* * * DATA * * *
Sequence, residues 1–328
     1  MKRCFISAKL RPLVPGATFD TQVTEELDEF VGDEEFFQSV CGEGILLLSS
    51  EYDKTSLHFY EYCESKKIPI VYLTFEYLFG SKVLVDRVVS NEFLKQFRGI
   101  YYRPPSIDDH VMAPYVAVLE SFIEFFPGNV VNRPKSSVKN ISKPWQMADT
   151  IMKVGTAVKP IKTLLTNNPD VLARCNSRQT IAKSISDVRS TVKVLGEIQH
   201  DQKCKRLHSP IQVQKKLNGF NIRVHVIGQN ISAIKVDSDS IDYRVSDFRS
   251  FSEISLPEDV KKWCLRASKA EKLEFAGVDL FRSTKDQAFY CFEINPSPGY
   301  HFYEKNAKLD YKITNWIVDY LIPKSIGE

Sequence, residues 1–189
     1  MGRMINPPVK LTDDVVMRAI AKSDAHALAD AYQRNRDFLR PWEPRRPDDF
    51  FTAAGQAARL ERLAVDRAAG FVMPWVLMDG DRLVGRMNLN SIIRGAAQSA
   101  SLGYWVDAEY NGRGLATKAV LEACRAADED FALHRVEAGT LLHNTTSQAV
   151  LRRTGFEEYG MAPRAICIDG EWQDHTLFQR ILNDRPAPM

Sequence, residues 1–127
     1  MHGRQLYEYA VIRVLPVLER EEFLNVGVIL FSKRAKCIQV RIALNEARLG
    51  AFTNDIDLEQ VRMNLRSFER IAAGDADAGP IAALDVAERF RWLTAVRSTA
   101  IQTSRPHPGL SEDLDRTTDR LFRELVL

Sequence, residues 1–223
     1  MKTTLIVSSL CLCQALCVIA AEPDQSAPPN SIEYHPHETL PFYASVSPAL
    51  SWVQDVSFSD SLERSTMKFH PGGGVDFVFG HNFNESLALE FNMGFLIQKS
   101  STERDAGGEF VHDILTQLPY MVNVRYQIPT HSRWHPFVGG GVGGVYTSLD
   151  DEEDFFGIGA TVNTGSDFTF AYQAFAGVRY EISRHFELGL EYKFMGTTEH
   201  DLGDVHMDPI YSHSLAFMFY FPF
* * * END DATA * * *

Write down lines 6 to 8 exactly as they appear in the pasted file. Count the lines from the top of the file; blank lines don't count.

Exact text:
   201  DQKCKRLHSP IQVQKKLNGF NIRVHVIGQN ISAIKVDSDS IDYRVSDFRS
   251  FSEISLPEDV KKWCLRASKA EKLEFAGVDL FRSTKDQAFY CFEINPSPGY
   301  HFYEKNAKLD YKITNWIVDY LIPKSIGE